Chapter I.

ON the 29th of December last a young man might have been seen making his way up Washington Street at a pretty rapid pace. It was the noble Fitz-Clarence De Smythe, and he was revolving a great project in his heart. In common with the other sons of '84, De Smythe was an adorer at the shrine of Miss Evangeline Montmorenci, who dwelt at the palatial mansion No. 1884 Beacon Street, Boston, Mass., U. S. A.; but now his rivals had departed to their respective homes; for the whole winter recess he had a clear field; and his breast swelled with pride and two overcoats as he thought thereupon. He would make the fair creature the recipient of a New Year's gift which should make her his for ever, - something dainty and suggestive. What should it be? After long and arduous cogitation he had evolved an idea.

Entering a store where he was well acquainted he left an order for the following unique design:-

A diary ("For," said he, "she will think of me every day in the year!") was to be aesthetically bound, and to have an elegant section of looking-glass inserted in one cover; above this mirror were to be two hearts transfixed by an arrow; below the mirror, the words, "She whom my heart hath chosen," were to convey to the fair Evangeline, while gazing upon the glass, the sentiments which inspired the heart of the adoring De Smythe.

Chapter II.IT was the next evening. De Smythe's heart had failed him at the last moment, and he had not delivered the diary. He was sitting in his room, No. 26 Holworthy. His janitor sat beside him. De Smythe had taken a great fancy to this janitor, who had taught him to smoke. "This shall at least bring happiness to some mortal," thought the generous youth, as he drew from his pocket the object on which he had spent so much anxious thought and his last X. He unfolded the wrappings of tissue paper and presented the diary to the janitor, accompanying the gift with a description of its mechanism. The janitor was much pleased, and Fitz-Clarence went round to Adam's to brace.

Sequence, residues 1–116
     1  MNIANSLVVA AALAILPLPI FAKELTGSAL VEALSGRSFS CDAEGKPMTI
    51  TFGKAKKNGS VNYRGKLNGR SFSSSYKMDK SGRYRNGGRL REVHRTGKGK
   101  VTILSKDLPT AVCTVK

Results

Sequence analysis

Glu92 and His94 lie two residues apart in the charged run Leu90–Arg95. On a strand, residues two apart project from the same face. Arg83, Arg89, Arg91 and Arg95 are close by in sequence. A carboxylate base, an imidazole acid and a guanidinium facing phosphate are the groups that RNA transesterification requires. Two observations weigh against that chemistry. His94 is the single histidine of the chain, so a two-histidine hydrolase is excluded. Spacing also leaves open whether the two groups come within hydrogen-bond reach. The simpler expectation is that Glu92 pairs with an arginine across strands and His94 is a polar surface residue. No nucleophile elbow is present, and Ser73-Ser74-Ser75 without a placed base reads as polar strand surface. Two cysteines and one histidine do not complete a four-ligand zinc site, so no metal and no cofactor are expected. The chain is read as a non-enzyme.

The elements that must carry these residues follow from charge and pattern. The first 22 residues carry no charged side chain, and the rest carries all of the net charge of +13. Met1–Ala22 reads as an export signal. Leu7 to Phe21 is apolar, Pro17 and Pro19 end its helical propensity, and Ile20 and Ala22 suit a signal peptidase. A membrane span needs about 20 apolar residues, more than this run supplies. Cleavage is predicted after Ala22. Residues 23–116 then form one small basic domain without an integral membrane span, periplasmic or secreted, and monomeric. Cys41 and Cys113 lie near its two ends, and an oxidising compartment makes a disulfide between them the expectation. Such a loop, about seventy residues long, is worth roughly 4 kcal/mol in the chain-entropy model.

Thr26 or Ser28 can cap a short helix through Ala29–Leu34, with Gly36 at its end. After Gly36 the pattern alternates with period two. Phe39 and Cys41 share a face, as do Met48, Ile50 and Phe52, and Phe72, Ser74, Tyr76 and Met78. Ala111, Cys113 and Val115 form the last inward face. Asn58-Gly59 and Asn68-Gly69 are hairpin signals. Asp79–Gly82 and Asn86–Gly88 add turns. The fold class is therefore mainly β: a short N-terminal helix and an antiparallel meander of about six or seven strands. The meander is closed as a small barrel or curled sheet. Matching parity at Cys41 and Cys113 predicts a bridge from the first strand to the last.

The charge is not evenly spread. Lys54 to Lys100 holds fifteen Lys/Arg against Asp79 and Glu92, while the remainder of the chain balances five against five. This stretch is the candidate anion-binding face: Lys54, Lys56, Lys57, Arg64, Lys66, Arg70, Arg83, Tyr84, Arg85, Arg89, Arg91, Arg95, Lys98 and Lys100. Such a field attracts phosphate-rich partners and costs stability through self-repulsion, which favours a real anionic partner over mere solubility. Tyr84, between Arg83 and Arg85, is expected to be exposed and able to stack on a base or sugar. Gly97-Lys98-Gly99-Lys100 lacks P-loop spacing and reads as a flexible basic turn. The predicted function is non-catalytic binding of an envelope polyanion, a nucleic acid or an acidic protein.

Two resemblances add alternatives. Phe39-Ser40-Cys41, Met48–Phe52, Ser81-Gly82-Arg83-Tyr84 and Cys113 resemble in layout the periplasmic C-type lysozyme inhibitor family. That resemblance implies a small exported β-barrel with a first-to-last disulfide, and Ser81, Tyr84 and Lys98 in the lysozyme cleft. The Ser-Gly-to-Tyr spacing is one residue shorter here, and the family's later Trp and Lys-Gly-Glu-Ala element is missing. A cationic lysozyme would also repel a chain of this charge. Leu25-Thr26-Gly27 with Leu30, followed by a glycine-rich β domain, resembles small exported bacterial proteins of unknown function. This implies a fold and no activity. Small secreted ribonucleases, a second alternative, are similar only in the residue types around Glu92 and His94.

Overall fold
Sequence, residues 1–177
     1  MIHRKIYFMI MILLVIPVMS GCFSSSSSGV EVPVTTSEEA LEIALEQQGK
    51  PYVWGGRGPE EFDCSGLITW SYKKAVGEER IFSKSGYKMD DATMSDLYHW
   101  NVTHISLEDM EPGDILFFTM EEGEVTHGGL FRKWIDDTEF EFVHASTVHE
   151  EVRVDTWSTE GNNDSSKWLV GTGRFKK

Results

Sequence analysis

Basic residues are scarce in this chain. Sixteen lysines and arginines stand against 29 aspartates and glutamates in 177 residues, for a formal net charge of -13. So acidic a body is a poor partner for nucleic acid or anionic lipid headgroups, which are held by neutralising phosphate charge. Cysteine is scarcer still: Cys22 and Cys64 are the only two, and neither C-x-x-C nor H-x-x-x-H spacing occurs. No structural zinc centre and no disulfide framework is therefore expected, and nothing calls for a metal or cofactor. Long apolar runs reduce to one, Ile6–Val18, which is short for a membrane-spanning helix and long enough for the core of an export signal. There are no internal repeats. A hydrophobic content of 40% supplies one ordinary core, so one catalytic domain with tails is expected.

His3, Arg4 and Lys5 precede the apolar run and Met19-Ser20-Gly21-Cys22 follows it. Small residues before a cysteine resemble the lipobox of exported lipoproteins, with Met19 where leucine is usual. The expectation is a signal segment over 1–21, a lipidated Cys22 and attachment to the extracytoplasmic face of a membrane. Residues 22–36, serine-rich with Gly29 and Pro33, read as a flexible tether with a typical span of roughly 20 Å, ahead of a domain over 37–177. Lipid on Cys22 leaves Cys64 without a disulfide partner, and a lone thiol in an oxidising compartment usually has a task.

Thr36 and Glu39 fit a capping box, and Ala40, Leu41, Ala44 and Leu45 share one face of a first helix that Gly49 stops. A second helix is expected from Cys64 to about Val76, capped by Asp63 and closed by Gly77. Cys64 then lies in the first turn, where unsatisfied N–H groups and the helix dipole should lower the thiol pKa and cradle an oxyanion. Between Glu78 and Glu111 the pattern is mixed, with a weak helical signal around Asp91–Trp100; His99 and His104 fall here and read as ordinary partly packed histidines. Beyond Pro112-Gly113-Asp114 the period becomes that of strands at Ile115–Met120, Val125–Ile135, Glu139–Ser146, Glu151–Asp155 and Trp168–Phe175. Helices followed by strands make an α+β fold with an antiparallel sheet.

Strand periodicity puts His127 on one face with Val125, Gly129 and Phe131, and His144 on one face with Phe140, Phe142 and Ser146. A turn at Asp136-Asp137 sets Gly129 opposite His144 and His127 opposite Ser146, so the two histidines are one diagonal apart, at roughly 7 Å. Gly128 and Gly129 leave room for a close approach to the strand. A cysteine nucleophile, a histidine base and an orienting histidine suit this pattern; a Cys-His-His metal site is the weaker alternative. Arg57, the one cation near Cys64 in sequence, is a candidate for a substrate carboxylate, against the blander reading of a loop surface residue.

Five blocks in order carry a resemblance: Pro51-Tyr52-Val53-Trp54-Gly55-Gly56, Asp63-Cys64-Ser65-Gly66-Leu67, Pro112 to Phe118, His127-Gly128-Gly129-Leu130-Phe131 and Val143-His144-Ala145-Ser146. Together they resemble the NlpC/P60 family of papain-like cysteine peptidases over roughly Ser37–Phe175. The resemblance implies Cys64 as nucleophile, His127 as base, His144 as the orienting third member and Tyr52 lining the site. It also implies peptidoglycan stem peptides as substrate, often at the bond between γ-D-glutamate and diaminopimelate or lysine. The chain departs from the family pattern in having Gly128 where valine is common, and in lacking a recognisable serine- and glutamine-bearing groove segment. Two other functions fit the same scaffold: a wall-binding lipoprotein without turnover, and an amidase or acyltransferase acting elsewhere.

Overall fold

When he was gone the janitor drew out the diary and took a long, lingering look at it. Then he shook his head. He feared Margaret would not understand without a good deal of explanation. Margaret was the cook at 1884 Beacon Street. She had been engaged to the janitor just three days. Taking from his pocket a photograph of this lady, finished in colors in the most approved style of the art, he, by a dexterous use of De Smythe's penknife, removed the mirror and replaced it by the picture; and then, intending to call at 1884 Beacon Street later in the evening, carefully wrapped up the diary and placed it in the breast-pocket of Fitz-Clarence's best overcoat, that he might be sure of not leaving it behind. The janitor now invaded the next room in quest of some cigars. When he returned the overcoat was gone!

During his absence De Smythe had entered. The brace had had its usual stimulating effect, and he had decided to storm once more the citadel of Evangeline's heart. Flinging on the overcoat, he rushed out to catch a car.

Chapter III.DE SMYTHE had a delightful evening. Never had his Evangeline been so charming or so gracious. He spoke of love and she did not say him nay. He was intoxicated with happiness. But all things must have an end, and about two A. M. De Smythe began to become conscious that he must go. As he put on his overcoat he felt the parcel in the breast-pocket, and, without stopping to account for its presence, drew it out and handed it to Evangeline.

"This," said he, "is a little present I have bought for one who is very dear to me. Will you undertake its delivery?"

"Why! how can I?" said Evangeline in her charming, coquettish way. "Who is she?" De Smythe's rapture was overflowing. "Look upon it," he said, "and you will behold her loveliest of faces," and rushing down the steps he ran for a West End car.

Evangeline, with gentle hand and rapt attention, drew back the wrappings.

Chapter IV.